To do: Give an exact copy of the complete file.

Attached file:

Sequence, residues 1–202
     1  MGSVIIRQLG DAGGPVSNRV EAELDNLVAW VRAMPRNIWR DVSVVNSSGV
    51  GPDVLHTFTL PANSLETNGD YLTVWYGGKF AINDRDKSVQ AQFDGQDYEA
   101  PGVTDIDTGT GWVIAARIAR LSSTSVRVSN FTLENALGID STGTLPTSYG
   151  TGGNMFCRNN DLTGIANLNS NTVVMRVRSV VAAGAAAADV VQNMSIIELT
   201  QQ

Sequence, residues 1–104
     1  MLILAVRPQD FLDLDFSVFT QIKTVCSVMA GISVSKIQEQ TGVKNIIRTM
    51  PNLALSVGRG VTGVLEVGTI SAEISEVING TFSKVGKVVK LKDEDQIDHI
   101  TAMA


Sequence, residues 1–202
     1  MGSVIIRQLG DAGGPVSNRV EAELDNLVAW VRAMPRNIWR DVSVVNSSGV
    51  GPDVLHTFTL PANSLETNGD YLTVWYGGKF AINDRDKSVQ AQFDGQDYEA
   101  PGVTDIDTGT GWVIAARIAR LSSTSVRVSN FTLENALGID STGTLPTSYG
   151  TGGNMFCRNN DLTGIANLNS NTVVMRVRSV VAAGAAAADV VQNMSIIELT
   201  QQ

Sequence, residues 1–104
     1  MLILAVRPQD FLDLDFSVFT QIKTVCSVMA GISVSKIQEQ TGVKNIIRTM
    51  PNLALSVGRG VTGVLEVGTI SAEISEVING TFSKVGKVVK LKDEDQIDHI
   101  TAMA